Karlsruhe Institute of Technology: Machine learning speeds up material simulations

Research, development and production of new materials depend crucially on fast and precise simulation methods. Machine learning, in which artificial intelligence (AI) independently acquires and uses new knowledge, will make it possible in the future to develop complex material systems in a purely virtual manner. How this works and which applications benefit from it is explained by a researcher from the Karlsruhe Institute of Technology (KIT) together with colleagues from Göttingen and Toronto in an article in the journal Nature Materials. (DOI: 10.1038 / s41563-020-0777-6)


Digitization and virtualization are becoming more and more important in a wide variety of scientific disciplines. This also applies to materials science: Research, development and production of new materials depend crucially on fast and precise simulation methods. This, in turn, benefits a wide variety of applications – from efficient energy storage devices, which are indispensable when using renewable energies, to new drugs whose development requires an understanding of complex biological processes. Methods of AI and machine learning can significantly advance material simulations. “Compared to conventional simulation methods based on classical or quantum mechanical calculations, a clear speed advantage can be achieved with neural networks specially tailored to material simulations, ”explains physicist and AI expert Professor Pascal Friederich, head of the research group AiMat – Artificial Intelligence for Materials Sciences at the Institute for Theoretical Computer Science (ITI) at KIT. “Faster simulation systems will enable scientists in the coming years to develop larger and more complex material systems in a purely virtual manner, to understand them down to the atomic level and to optimize them.” Head of the research group AiMat – Artificial Intelligence for Materials Sciences at the Institute for Theoretical Computer Science (ITI) of KIT. “Faster simulation systems will enable scientists in the coming years to develop larger and more complex material systems in a purely virtual manner, to understand them down to the atomic level and to optimize them.” Head of the research group AiMat – Artificial Intelligence for Materials Sciences at the Institute for Theoretical Computer Science (ITI) of KIT. “Faster simulation systems will enable scientists in the coming years to develop larger and more complex material systems in a purely virtual manner, to understand them down to the atomic level and to optimize them.”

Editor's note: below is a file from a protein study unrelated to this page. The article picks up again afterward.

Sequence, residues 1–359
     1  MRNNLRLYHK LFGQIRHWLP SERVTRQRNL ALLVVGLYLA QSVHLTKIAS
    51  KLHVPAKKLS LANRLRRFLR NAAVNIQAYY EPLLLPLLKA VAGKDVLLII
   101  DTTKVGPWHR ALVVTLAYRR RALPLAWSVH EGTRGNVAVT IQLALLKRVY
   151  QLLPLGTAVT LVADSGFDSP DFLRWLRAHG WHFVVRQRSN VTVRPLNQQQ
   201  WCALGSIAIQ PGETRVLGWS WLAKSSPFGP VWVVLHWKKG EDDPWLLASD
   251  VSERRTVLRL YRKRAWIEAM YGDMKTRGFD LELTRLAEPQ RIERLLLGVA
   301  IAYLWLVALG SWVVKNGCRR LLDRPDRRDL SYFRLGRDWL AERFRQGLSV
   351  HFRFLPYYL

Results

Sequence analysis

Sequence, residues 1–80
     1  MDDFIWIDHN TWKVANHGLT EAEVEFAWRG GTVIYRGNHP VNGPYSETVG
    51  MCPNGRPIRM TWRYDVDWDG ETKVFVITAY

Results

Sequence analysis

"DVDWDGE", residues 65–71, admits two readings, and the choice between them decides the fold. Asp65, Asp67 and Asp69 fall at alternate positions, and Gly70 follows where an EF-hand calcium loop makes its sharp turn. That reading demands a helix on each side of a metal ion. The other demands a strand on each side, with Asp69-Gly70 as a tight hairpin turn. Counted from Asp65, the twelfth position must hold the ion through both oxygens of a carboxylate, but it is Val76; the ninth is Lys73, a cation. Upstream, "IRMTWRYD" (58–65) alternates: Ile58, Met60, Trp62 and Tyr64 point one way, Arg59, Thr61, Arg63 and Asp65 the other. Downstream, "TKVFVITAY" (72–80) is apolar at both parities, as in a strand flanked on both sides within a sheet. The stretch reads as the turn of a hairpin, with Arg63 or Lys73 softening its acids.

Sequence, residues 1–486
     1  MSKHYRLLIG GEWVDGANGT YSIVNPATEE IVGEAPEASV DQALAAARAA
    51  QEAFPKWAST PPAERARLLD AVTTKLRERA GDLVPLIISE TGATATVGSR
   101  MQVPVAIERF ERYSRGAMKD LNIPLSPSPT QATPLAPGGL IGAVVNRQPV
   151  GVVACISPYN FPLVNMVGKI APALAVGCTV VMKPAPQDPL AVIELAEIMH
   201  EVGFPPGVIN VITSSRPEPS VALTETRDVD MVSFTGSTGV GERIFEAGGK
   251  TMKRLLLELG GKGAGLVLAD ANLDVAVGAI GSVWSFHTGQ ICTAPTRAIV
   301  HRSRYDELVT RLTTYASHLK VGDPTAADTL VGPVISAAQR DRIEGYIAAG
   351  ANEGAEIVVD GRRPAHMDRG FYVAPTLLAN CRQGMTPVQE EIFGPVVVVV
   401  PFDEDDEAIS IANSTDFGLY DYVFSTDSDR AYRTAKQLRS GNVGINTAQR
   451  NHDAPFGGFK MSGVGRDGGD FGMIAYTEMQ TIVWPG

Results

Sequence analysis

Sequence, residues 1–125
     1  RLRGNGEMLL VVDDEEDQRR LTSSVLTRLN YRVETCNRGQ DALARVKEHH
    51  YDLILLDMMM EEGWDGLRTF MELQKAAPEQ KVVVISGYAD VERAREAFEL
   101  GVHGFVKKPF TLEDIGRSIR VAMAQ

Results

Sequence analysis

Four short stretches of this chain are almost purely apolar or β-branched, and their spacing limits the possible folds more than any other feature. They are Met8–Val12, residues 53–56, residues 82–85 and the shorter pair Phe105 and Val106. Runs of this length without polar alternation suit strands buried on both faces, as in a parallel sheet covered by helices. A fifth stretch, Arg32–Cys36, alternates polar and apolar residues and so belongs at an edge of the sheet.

High precision from the atom to the material

In an article published in the journal Nature Materials, Pascal Friederich, who also works as an associated group leader in the field of Nanomaterials by Information-Guided Design at the Institute for Nanotechnology (INT) at KIT, gives one together with researchers from the University of Göttingen and the University of Toronto Overview of the basic principles of machine learning used for material simulations, the data acquisition process and active learning processes. Algorithms for machine learning enable artificial intelligence not only to process the data entered, but also to find patterns and correlations in large data sets, learn from them and make predictions and decisions independently. In material simulations, it is important to achieve high precision over various time and size scales – from the atom to the material – and at the same time limit the computing costs. In their article, the scientists also deal with various current applications, such as small organic molecules and large biomolecules, structurally disordered solid, liquid and gaseous materials as well as complex crystalline systems – for example organometallic framework compounds that are used for gas storage or material separation, for sensors or for Let the catalysts use.


Even more speed with hybrid methods

In order to expand the possibilities of material simulations in the future, the researchers from Karlsruhe, Göttingen and Toronto propose to develop hybrid methods: These combine machine learning (ML) and molecular mechanics (MM) processes. MM simulations use so-called force fields in order to calculate the forces acting on each individual particle and thus to predict motion sequences. The similarity of the ML and MM potentials allows close integration with variable transition areas. Such hybrid methods could, for example, significantly accelerate the simulation of large biomolecules or enzymatic reactions in the future.

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